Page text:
The Supreme Court’s decision in effect makes it more difficult for investors, grouping together in a class action lawsuit, to file claims. The decision to buy or sell a security is always based on perceptions of market valuations. The Supreme Court just stopped short of ending most class actions based on securities fraud theory. There is no other theory beside security fraud to sue a corporation for making misleading statements that affect the price of its stock. This decision is all encompassing and very, very, significant. Just so you have some perspective; in the last ten years over $62 billion was paid out by corporations to investors who sued for securities fraud. The recent decision allows corporations to file motions to dismiss at the early stages. It also enunciates some powerful grounds making such dismissal motions very likely. Previously the law permitted a presumption of securities fraud just by alleging, that is accusing the corporation of trying to affect stock prices by making public announcements. The rules have now changed, making these suits more difficult to win and subject to early dismissal. This is consistent with earlier decisions by the Supreme Court. Over recent years, the court has limited workers and consumer class action lawsuits and this recent decision reads consistent with previous decisions affecting consumer and workers. Class actions bode well for a continuing trend: the law now requires more proof and earlier proof by plaintiffs to get the case in front of a jury.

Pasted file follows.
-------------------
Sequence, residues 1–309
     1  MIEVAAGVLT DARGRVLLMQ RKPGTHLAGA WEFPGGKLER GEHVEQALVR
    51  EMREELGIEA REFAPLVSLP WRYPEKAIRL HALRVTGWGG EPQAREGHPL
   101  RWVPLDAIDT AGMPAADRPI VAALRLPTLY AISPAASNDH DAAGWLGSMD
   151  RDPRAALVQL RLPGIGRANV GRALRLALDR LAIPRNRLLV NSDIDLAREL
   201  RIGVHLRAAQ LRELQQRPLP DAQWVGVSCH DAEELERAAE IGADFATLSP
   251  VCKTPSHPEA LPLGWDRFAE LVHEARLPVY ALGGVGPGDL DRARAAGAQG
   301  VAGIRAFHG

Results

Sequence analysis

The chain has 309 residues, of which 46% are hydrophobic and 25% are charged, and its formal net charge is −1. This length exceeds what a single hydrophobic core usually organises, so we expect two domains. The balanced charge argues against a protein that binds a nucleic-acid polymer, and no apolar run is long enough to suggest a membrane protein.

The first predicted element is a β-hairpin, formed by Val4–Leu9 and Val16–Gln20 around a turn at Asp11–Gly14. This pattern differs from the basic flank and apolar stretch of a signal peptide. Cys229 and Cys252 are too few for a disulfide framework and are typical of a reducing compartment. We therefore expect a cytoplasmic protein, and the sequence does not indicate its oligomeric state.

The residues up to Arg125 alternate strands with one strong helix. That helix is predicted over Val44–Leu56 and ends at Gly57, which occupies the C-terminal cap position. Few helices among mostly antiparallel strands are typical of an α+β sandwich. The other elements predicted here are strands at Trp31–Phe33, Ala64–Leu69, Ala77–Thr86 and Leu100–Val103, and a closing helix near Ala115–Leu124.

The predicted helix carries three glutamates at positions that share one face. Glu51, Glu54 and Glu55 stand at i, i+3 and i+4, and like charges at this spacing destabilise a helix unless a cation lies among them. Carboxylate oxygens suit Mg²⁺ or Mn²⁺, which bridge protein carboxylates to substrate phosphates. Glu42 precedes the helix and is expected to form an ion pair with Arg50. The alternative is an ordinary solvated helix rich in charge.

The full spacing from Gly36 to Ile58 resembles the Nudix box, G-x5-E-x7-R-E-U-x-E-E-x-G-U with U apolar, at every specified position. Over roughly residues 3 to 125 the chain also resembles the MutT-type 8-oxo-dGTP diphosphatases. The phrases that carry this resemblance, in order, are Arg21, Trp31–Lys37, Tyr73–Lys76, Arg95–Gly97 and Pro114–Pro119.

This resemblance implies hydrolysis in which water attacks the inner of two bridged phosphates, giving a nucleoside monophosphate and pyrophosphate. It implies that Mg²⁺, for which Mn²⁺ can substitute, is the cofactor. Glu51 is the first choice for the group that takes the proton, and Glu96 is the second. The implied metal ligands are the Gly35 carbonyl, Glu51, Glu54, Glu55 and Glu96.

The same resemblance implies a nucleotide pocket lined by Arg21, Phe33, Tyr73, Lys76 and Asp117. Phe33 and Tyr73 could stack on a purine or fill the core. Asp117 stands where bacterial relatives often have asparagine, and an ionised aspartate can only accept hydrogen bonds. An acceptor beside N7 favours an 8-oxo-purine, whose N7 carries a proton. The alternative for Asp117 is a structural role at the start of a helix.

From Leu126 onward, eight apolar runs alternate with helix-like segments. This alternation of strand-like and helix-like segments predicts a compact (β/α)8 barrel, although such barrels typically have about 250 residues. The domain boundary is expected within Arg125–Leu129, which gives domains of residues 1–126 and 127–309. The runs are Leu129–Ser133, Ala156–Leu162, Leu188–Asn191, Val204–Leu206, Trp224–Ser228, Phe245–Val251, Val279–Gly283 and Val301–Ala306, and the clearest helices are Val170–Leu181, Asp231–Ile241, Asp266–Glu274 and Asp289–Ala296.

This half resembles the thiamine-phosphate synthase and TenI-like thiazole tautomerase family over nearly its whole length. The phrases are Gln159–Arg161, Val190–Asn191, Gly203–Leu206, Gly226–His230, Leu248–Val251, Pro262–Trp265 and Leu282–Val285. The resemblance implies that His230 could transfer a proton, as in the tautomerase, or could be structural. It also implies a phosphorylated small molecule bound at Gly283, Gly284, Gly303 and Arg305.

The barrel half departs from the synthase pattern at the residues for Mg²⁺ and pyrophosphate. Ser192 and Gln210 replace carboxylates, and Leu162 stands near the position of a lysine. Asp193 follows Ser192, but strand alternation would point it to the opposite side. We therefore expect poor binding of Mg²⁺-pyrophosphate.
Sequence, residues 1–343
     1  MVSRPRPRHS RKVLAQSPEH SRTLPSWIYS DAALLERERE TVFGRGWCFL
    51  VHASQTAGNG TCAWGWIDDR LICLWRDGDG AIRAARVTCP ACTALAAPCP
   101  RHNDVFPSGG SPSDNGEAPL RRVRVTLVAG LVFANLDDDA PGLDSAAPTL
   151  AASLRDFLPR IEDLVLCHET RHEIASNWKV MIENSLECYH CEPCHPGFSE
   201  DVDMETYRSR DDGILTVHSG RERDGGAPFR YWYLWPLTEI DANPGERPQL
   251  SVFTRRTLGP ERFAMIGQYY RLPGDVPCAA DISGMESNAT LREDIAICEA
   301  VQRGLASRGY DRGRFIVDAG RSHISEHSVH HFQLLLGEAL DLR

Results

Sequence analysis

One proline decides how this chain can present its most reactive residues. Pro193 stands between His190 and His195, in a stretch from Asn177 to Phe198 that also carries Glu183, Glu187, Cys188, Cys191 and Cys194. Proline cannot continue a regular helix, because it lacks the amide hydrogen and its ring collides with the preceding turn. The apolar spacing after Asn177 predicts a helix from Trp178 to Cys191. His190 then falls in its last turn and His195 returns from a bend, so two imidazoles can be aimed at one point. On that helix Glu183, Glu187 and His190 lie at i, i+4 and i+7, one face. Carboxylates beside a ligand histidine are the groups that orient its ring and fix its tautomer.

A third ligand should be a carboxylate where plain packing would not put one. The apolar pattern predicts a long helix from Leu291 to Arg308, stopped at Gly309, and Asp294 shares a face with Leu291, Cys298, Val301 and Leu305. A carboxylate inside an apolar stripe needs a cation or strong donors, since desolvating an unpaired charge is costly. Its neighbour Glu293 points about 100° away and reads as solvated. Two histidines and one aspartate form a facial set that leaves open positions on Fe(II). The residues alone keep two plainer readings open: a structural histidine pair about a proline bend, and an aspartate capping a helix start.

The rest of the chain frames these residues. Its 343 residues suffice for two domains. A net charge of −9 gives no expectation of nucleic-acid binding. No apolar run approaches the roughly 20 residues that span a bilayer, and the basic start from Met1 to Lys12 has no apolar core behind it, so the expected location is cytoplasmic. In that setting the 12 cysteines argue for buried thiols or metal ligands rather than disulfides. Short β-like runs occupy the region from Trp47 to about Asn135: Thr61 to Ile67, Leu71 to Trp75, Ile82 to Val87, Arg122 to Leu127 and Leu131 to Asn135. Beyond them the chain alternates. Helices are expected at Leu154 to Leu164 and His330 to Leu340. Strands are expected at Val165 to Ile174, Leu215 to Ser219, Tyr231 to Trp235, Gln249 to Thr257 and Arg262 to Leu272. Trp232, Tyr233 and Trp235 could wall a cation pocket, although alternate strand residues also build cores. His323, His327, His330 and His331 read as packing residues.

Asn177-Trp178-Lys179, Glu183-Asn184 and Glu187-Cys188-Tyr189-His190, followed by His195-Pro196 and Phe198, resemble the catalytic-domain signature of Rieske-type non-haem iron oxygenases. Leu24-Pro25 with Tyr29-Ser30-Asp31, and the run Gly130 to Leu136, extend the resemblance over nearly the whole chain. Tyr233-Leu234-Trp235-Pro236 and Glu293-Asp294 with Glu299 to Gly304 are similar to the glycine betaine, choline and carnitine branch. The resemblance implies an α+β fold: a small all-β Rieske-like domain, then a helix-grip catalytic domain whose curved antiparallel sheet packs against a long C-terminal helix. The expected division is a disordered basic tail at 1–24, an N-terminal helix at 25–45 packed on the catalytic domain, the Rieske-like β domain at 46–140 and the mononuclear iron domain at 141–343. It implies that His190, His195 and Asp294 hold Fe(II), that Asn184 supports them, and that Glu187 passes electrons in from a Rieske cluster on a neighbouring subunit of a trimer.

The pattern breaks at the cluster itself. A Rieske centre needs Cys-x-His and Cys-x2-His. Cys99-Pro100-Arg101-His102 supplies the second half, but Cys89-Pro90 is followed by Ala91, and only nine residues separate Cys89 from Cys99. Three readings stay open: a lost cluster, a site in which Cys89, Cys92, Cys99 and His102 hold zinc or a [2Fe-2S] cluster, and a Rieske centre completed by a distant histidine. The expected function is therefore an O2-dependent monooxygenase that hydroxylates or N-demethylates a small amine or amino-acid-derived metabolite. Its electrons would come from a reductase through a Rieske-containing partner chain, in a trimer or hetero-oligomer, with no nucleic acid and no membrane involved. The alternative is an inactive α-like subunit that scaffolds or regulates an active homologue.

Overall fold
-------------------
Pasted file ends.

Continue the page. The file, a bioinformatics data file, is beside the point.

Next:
More more information, read:
- New York Times article, “Supreme Court Erects Obstacle to Class Actions for Securities Fraud”
- Forbes article, “Supreme Court Leaves Fraud On Market Intact, Makes Life A Bit Harder For Securities Plaintiffs”